Characteristics of offshore
yachts is an excellent book that anyone considering an offshore
boat should read. That said, most keelboats are made to its parameters these days. It's actually hard to find hulls with very serious violations.
Secondly, it takes both good seamanship and a seaworthy
boat to safely cross an ocean, but both of those factors merely reduce risk, they don't eliminate it. Fools can be lucky in bathtubs, and professional sailors can die in a battleship. One-off anecdotes of success or failure mean nothing when you're talking about risk, they serve merely to reinforce incorrect cognitive biases for or against something. You can't prove anything with an anecdote.
There's no such thing as a perfectly safe boat in every storm, and no such thing as a sailor who can face down any typhoon every time in any boat.
What turns anecdotes into useful information is compiling a lot of them into statistics. Once is an accident
. Twice is a trend. Ten times is a characteristic. The more information we compile about seaworthiness, the more seaworthy
boats we can make.
In the Fastnet '79 race
, many boats that lied ahull were capsized, but none that hove-to were. Because we're talking about hundreds of boats, that provides real statistics that mean something. It proves that regardless of type, keeping the bow (or stern) to the waves is vastly safer than letting the boat simply drift. A wave 1/3 the LWL of a boat can capsize
it from the aft quarter, but a boat can survive waves longer than its LWL if its met bow on. That's a dramatic safety
factor that requires constant seamanship during a storm--you're much safer if you tend your direction during a storm and don't just batten down and pray.
The new stability index (STIX)-based CE regulations
are having a dramatic effect on manufacturers. My boat (which for me is a weekender) was build to have an All-Ocean rating--but only just barely. If you run the numbers, you can see that Beneteau
modified the boat's design to be safer in order to achieve the A rating they wanted for the boat. So you've got a marketing
factor ("All ocean rated") with real meaning in these CE regulations
. I think it's going to save lives ultimately, as manufacturer's cannot simply self-certify a boat as being "blue water". It now has to mean something.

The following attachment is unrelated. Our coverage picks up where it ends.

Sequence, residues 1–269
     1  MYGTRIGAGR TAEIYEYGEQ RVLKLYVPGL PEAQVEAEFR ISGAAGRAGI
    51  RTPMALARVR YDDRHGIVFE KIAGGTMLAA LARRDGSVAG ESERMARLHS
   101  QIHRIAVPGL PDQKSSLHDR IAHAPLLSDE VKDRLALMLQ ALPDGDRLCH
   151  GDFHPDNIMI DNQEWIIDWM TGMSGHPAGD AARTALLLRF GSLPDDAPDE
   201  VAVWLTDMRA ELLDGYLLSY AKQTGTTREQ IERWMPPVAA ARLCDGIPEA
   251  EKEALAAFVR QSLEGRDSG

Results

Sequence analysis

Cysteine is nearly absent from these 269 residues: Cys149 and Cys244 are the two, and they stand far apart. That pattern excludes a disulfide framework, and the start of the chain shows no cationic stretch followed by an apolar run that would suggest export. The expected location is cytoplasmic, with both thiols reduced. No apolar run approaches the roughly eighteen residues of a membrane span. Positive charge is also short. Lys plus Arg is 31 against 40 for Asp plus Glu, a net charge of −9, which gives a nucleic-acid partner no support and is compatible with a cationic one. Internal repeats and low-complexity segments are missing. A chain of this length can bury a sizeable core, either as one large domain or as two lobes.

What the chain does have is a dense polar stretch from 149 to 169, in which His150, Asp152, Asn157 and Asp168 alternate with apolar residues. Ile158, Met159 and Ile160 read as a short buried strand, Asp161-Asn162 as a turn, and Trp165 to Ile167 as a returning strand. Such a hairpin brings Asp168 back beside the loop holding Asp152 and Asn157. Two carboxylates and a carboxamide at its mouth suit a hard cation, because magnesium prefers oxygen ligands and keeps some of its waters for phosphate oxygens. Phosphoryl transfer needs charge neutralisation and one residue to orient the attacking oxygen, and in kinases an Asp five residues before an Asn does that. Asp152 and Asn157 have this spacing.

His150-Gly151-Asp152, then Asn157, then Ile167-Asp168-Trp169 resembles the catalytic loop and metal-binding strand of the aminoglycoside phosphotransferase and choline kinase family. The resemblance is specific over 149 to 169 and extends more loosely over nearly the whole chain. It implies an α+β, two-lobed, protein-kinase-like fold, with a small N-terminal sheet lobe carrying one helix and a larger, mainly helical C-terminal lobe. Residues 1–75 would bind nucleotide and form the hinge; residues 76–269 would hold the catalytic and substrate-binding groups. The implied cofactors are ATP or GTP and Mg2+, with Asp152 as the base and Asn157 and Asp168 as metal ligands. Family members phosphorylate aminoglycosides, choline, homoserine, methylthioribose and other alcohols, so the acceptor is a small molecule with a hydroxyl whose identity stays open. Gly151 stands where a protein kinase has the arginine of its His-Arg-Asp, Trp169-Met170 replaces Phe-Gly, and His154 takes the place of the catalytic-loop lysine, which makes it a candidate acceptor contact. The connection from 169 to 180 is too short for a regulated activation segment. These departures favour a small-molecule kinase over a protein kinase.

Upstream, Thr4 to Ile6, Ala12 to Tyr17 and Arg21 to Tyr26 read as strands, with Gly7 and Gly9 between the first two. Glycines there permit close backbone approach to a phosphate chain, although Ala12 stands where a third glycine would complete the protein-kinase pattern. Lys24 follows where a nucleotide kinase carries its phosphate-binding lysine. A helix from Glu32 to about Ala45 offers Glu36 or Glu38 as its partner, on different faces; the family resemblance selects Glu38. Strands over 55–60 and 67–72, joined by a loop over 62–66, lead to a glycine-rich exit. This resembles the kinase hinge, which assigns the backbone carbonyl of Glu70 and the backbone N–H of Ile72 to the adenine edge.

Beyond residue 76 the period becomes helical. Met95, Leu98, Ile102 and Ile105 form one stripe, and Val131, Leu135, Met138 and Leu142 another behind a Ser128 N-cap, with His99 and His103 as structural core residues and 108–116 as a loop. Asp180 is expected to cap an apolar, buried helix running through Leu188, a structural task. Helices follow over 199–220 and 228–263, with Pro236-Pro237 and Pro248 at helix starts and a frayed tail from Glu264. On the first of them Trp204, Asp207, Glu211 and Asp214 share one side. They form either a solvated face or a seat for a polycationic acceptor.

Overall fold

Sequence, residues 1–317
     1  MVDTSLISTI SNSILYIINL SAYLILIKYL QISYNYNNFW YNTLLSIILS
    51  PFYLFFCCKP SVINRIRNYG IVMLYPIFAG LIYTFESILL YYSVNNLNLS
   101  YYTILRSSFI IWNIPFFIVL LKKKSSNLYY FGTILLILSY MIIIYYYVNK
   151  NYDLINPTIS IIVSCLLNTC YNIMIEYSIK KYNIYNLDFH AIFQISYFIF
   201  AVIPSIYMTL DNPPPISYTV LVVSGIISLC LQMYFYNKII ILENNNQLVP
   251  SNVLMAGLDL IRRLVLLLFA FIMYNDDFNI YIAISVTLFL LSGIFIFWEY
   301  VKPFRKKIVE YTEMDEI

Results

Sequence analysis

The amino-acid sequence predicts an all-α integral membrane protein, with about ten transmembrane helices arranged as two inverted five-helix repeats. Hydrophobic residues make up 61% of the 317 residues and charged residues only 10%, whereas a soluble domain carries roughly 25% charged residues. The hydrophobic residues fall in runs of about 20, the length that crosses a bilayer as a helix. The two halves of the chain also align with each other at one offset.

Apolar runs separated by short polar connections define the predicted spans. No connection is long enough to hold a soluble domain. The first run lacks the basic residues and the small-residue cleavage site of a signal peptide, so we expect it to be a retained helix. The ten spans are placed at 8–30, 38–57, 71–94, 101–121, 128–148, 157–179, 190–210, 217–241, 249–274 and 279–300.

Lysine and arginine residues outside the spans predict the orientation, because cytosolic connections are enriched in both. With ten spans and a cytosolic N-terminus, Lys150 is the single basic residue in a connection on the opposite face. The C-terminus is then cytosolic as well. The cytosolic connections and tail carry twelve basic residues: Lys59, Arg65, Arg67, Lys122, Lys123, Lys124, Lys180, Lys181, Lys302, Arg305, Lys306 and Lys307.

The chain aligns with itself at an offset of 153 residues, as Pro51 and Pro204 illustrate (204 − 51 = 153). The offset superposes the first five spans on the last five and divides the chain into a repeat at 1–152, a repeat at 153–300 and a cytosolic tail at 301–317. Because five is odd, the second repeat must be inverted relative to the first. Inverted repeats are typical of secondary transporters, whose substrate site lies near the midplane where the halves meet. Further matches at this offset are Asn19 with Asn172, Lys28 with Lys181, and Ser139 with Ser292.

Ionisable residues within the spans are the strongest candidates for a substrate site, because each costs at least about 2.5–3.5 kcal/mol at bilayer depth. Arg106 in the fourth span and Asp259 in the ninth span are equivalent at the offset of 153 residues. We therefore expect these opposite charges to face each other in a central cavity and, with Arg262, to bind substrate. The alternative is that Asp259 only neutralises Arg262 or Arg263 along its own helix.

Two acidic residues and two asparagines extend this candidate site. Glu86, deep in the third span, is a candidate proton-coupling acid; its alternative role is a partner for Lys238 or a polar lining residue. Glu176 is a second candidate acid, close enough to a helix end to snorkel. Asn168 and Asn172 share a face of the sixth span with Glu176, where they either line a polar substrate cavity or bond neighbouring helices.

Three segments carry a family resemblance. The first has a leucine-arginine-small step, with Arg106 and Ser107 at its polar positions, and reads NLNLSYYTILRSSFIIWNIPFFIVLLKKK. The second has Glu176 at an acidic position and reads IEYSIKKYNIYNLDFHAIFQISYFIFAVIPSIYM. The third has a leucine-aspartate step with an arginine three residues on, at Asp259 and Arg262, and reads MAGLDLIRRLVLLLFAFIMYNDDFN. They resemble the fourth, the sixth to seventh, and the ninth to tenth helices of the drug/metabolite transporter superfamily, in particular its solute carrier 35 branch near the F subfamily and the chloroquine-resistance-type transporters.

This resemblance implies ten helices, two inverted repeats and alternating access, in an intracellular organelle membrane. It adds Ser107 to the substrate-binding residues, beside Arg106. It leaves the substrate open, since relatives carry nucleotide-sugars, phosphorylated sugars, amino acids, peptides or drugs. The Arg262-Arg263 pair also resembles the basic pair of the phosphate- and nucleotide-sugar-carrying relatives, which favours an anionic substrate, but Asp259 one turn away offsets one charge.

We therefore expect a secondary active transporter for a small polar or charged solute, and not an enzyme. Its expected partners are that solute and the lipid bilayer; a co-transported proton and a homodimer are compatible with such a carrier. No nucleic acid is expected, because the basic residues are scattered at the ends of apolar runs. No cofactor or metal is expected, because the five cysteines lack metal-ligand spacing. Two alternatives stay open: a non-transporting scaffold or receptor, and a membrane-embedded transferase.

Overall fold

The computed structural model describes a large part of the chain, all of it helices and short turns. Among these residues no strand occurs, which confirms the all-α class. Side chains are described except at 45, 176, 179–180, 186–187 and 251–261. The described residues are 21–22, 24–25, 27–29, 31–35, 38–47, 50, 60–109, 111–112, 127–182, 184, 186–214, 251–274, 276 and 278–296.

The Stability Index itself is based on insurance
actuarial data and statistics from disasters like FastNET and Sydney-Hobart. It's not complete, but it is good solid statistical information about what makes a boat safe, compiled into numbers that boats can be built to. That's how disasters come to have future meaning that benefits all.
Finally, while the physics remain the same, our ability to model them with finite state analysis and computational fluid dynamics (CFD) make it possible to run simulations of hulls in storms thousands of times over to test permutations of ideas and effects of seemingly minor changes on stability and recovery. This is also vastly improving form stability of hulls and providing exact information about what is required of a keel
to right a boat.
It was CFD modeling that proved that in fact a boat needn't avoid being beamy to return upright, because guess what? In a storm, there's ALWAYS another wave that will start the return roll. As long as the boat is more stable right-side up than upside down, it will return to right-side up.
Click on my boat and you'll see a boat decried as a floating hotel
. It's all there, open interior
plan, care taken with interior
Well, it's CE all ocean rated, it will roll back over within 3 minutes if it's turtled despite its beam, it'll float on either side with its companionway
should it loose its keel
, and its hull
form has been tested in a CFD virtual storm thousands of times over with waves hitting from every direction.
And before you say that computer simulations are meaningless and statistics won't save anyone, please back your opinion up with something besides bloviation and anecdotes.